New York gyms are making members sweat — over how to get refunded.
Big Apple fitness facilities were mandated to close on March 16 amid the coronavirus pandemic, but the sudden shuttering has left members of big-name gyms like New York Sports Clubs (NYSC) seeing red as fees have continued to be taken from their bank accounts.
Worse yet, with clubs closed, members now have no way to cancel. On Thursday, a class-action lawsuit was filed against Town Sports International, the parent company of NYSC, for “continuing to charge gym membership fees to its approximately 605,000 members.” The complaint says the company is making “it virtually impossible for members to cancel their memberships” and “even refused to honor many members’ cancellation requests,” according to a statement by Wigdor LLP, the firm handling the suit.
As of Thursday, NYSC had not even issued a statement, so angry members looking to be refunded for coronavirus closures have taken to social media in a flurry of complaints.
“What a f - - king scam. Close the clubs, but charge all the members their monthly dues and make it impossible to cancel,” writes Twitter user @hispeed_gordo.
“Absolutely disgusting, @NYSC. You too, @PlanetFitness. If you are not open, you don’t charge people to use your service. Otherwise, taking something that rightfully doesn’t belong to you is called stealing,” adds Twitter user @OGradyKL.
Other gym rats say it’s been a real workout to get in touch with the company.
“@NYSC Hi there I have been [trying] to call your customer service # and no answer. how do we freeze our memberships until gyms reopen? And do we still have to [pay] while the gym is closed?” writes Twitter user @Harlemhonie.
“We call on our public institutions — including the New York State Attorney General’s Office and the New York City Department of Consumer Affairs — to take formal action against TSI to protect the hundreds of thousands of New Yorkers being victimized by this corporate greed,” says David E. Gottlieb, partner at Wigdor LLP, in a statement.
Town Sports International has not returned The Post’s calls or emails, and emails to longtime public relations associates at the company have come back as undeliverable.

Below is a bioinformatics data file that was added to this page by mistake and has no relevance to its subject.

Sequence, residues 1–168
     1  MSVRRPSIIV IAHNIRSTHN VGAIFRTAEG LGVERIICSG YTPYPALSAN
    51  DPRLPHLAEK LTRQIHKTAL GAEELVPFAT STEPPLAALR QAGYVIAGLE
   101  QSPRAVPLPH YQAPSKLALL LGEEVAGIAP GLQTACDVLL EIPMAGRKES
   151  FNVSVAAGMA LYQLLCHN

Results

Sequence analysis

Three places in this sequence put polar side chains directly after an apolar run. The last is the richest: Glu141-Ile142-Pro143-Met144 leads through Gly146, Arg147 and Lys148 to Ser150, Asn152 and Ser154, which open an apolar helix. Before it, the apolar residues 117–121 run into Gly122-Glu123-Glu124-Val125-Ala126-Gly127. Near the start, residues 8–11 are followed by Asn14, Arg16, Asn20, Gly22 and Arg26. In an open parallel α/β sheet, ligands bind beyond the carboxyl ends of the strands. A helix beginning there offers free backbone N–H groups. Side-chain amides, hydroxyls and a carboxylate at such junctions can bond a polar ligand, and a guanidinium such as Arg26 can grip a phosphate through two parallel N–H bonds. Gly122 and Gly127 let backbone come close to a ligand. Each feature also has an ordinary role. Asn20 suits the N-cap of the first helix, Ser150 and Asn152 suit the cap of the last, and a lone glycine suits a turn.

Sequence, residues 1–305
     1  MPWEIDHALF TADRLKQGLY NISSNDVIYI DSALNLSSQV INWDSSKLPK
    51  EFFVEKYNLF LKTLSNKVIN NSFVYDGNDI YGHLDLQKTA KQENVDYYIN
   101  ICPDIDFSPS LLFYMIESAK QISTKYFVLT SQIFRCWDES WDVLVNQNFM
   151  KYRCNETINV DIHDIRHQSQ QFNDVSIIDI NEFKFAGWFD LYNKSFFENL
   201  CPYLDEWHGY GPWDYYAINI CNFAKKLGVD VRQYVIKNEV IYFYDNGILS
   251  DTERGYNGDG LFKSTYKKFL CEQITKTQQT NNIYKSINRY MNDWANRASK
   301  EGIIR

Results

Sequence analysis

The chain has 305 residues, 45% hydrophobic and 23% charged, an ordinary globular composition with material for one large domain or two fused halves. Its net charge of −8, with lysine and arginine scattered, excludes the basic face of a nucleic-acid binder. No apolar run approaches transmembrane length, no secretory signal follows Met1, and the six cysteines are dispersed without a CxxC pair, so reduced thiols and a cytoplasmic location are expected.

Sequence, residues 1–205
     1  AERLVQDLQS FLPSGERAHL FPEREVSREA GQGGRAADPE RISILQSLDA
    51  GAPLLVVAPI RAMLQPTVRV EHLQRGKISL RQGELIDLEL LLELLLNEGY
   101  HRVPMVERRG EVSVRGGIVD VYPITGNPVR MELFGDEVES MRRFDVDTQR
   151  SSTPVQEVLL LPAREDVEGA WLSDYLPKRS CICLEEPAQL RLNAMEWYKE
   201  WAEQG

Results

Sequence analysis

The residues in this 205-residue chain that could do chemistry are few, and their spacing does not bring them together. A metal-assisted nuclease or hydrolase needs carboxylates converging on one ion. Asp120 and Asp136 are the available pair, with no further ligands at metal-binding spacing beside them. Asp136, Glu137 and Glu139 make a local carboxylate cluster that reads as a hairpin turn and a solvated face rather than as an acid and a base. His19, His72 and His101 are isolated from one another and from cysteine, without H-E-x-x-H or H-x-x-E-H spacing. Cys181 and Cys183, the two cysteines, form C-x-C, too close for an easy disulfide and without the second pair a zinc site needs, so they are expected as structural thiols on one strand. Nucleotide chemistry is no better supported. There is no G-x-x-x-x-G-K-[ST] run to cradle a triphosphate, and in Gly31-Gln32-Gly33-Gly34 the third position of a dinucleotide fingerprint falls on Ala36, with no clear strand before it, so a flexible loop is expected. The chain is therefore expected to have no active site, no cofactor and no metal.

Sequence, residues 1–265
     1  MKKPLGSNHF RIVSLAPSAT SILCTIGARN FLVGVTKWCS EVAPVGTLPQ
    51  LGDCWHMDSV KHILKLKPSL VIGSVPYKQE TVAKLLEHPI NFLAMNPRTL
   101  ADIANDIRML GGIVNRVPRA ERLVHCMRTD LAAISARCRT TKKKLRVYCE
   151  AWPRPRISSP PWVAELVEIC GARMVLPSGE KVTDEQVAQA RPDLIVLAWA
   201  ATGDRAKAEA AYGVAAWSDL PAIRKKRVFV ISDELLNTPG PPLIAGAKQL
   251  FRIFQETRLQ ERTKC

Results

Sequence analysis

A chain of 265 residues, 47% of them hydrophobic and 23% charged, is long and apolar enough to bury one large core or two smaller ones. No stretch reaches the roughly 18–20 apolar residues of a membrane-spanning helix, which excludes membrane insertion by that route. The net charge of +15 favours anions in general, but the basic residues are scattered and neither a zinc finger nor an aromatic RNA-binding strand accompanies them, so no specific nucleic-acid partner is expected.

Gym rats aren’t the only ones left in the lurch, as many instructors have been laid off indefinitely. Trendy boutique boxing chain Rumble, which operated five NYC locations before the shutdown, laid off 146 employees on March 18, citing “unforeseeable business circumstances prompted by COVID-19.”
Life Time Athletic, a Minnesota-based company, had only one location of its luxury gyms open in Midtown West at the time of the closures, but tells The Post that members’ dues were prorated for the month and the company has stopped charging monthly membership fees until clubs reopen. Employees of the gym, which had planned to open 12 locations in the city before 2022, will be paid through the rest of March, and reps say that “additional plans and communications are forthcoming.”
Crunch Fitness, which operates 17 company-owned locations in the city, has stopped collecting membership fees and will not pursue any past due balances for members until the clubs reopen.
When it comes to employees, reps tell The Post that Crunch is “working to do the right thing by all of our team members and franchisees” and that “Crunch paid employees through the end of March averaging their YTD gross wages.” However, the chain is “waiting on all the details of the federal stimulus package and taking that into consideration with our go-forward plan.”
Equinox sent out an email to members on March 17 confirming that all dues and fees have been frozen. But when contacted by The Post with questions regarding layoffs or employee benefits, the company declined to comment — multiple times.
One Equinox employee who asked to remain anonymous tells The Post that they are being paid until April 3 and that “everyone hasn’t been laid off,” but company decision-makers “have not updated us” on what comes next. The employee assumes everyone will be put on furlough, but “doesn’t think” the company is going to do layoffs.
Some fitness pros are even considering moving on from New York’s saturated fitness scene.
“It’s been emotionally hard,” says Jacob Griffin, a master instructor at Solidcore, which had five locations in the city before the closures. Although he “100%” wants to be rehired when the studios reopen, he can’t help but think beyond fitness to help pay the rent.
“The abrupt halt jarred my sense of identity,” Griffin tells The Post. “I’m taking an online résumé-building class today because I don’t know what’s next.”
Solidcore laid off 98% of its workforce last week due to COVID-19 but is covering health care through the end of April, reps tell The Post. Griffin, who has hereditary chronic high blood pressure, is thrilled, since his medications can run $1,800 a month.
Fitness app ClassPass, which allows its members to take classes at top boutique studios and gyms around the city, stopped charging membership fees in mid-March and has offered to roll over credits when things resume. The company has teamed up with popular studios like the Fhitting Room, ConBody and Switch Playground to provide live online classes during self-isolation. Life Time and Crunch are also offering free online classes.
Meanwhile, NYSC brass and investors must surely be sweating.